Although gamers likely assumed microtransactions would be the biggest problem facing their most anticipated games, it turns out that President Trump and Congress may actually take the top spot. Following recent comments against gaming’s strong sense of violence, President Trump and other members of Congress have met to discuss the issue. Part of the meeting was a video put together by staff members that highlighted the extreme violence being criticized.

Showcasing several particularly graphic moments from the Call of Duty series (specifically "Modern Warfare 2" and "Black Ops"), among other titles, the footage shows off graphics kills coming from people getting shot, brutally beaten with blunt objects, or straight-up axed to death.

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It totals about a minute and a half and upon upload to YouTube, was bombarded with downvotes from a clearly-disapproving collection of viewers.

Since the upload, the White House has yet to comment on anything regarding potential legislation or planned Congressional action, but if that one US lawmaker's plan to add taxes [VIDEO] to violent Video Games is any it’ll be important to stay tuned to what may arise from this.

Maintaining priorities

The biggest question that many are raising upon seeing this video and hearing this news is simple: is THIS the issue President Trump and Congress want to take a stand on right now? There was the recent shooting in Florida, as well as the Central Michigan student who shot his parents in his dorm room, so gun violence is clearly the motivator behind government action.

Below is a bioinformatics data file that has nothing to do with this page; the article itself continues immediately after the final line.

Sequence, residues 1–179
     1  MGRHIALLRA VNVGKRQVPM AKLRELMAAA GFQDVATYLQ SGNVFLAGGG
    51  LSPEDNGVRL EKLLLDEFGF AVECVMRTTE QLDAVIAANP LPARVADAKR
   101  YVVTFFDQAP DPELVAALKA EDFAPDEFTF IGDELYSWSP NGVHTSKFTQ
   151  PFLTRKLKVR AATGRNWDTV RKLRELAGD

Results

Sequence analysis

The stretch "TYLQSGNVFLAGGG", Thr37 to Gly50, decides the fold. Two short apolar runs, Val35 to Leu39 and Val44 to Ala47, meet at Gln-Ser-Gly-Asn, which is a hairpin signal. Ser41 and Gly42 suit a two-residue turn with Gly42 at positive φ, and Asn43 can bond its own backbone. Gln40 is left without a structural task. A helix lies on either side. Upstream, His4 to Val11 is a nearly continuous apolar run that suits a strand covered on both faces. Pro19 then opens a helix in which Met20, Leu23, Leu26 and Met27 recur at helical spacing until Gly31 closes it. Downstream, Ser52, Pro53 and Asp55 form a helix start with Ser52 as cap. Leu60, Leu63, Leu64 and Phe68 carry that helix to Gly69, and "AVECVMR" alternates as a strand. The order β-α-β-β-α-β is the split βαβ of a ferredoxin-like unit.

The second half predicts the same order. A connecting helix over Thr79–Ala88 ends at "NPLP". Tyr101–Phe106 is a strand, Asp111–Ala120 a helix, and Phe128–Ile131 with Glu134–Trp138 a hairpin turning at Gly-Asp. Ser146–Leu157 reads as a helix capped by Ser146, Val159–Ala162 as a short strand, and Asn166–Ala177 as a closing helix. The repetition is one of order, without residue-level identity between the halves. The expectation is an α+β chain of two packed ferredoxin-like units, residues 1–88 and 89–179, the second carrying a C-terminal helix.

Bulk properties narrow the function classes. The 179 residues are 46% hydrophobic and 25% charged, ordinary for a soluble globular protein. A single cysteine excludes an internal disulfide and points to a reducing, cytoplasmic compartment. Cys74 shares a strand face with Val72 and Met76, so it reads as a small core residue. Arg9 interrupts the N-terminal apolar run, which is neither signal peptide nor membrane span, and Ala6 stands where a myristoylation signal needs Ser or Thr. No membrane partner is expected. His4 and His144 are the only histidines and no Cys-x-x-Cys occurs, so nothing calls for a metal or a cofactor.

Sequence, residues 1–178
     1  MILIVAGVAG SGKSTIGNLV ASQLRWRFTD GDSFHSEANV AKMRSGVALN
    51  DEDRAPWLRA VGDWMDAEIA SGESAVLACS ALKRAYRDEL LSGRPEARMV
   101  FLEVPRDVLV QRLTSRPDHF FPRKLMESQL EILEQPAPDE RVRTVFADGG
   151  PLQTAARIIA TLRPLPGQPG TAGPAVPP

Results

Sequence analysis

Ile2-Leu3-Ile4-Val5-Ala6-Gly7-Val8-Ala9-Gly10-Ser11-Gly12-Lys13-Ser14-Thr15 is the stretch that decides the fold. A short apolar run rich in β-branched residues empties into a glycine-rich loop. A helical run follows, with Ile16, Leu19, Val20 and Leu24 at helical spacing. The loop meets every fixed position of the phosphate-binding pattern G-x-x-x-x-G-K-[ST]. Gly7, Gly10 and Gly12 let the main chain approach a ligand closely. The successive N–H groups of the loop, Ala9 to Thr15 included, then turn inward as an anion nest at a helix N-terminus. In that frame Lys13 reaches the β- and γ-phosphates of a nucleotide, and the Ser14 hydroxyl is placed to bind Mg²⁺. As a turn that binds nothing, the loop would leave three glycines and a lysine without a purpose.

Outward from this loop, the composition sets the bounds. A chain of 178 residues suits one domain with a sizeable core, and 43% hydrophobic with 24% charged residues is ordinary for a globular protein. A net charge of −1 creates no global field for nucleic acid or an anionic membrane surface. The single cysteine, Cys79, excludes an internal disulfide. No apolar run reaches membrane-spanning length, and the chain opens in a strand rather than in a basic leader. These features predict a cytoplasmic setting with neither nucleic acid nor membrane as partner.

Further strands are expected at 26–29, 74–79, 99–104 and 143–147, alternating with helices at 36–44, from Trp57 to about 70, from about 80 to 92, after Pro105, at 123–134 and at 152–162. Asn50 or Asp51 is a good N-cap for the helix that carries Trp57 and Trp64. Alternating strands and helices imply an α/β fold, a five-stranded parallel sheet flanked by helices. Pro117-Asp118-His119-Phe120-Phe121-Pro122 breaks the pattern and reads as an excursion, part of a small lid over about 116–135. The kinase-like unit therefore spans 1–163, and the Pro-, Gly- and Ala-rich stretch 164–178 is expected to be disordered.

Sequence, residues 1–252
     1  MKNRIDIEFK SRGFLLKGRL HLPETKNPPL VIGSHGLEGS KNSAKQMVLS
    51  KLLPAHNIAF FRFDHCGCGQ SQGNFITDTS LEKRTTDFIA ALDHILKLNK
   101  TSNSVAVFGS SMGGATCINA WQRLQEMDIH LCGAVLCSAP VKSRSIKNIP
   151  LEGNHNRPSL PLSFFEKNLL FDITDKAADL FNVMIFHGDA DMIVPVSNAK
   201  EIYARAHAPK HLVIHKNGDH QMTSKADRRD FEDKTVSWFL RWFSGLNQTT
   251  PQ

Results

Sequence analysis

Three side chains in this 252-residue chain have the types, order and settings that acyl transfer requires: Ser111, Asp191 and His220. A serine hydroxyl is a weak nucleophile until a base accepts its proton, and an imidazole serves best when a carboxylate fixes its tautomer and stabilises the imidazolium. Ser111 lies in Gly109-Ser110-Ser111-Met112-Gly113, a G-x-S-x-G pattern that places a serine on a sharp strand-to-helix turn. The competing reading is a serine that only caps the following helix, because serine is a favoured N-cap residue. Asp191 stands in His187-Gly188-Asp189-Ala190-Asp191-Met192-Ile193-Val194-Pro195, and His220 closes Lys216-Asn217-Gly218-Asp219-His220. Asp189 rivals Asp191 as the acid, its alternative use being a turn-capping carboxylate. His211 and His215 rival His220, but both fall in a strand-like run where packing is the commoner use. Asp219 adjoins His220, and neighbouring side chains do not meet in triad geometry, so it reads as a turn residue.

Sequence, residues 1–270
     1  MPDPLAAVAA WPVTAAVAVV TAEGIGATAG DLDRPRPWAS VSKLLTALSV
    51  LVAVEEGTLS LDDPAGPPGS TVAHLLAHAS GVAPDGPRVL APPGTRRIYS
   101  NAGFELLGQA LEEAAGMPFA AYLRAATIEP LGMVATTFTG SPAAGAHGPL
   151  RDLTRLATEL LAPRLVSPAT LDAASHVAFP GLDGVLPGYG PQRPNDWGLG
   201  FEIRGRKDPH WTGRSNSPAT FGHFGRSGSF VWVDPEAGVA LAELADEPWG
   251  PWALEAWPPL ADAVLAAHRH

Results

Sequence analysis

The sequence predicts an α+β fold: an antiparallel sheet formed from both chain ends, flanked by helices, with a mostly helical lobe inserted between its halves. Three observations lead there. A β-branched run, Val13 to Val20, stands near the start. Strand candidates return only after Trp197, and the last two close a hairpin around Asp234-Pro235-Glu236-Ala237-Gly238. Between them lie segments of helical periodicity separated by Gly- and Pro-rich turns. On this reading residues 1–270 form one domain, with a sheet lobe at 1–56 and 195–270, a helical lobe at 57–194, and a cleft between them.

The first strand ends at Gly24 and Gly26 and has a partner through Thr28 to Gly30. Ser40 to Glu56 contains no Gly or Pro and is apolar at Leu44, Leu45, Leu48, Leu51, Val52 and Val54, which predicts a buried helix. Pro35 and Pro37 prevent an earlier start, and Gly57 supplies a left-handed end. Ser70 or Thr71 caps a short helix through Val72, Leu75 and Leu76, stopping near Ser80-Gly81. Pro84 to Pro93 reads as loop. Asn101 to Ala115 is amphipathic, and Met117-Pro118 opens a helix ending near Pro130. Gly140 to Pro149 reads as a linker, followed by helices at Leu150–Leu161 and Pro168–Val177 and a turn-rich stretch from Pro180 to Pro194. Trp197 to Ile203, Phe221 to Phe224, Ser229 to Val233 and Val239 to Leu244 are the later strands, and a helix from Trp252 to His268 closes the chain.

Yet, why is the attention on violent video games, out of all the possible motivators and causes of these terrible events? This is by no means the first [VIDEO] time Congressional members have tried to scapegoat, but why would video games be the problem? The immediate answer seems to be that graphically-violent interactive media influences/motivates players to take part in real-life massacres. It’s the go-to explanation for those who are against any sort of violent media.

Lack of influence outside national borders

The biggest and most central problem with video games being the explanation behind many gun killings is that these games aren’t US-exclusive. Many, if not all, of these game, are released universally and are widely successful across the world. Yet, even with this knowledge, the US undoubtedly (and unfortunately) still has the highest number of shootings out of any other country. If it’s the video games that are doing it, then why is it only seemingly affecting the United States?

What do you think about this issue? Do you think it’s a discussion worth having or do you believe it’s getting away from the problem? Let me know in the comments!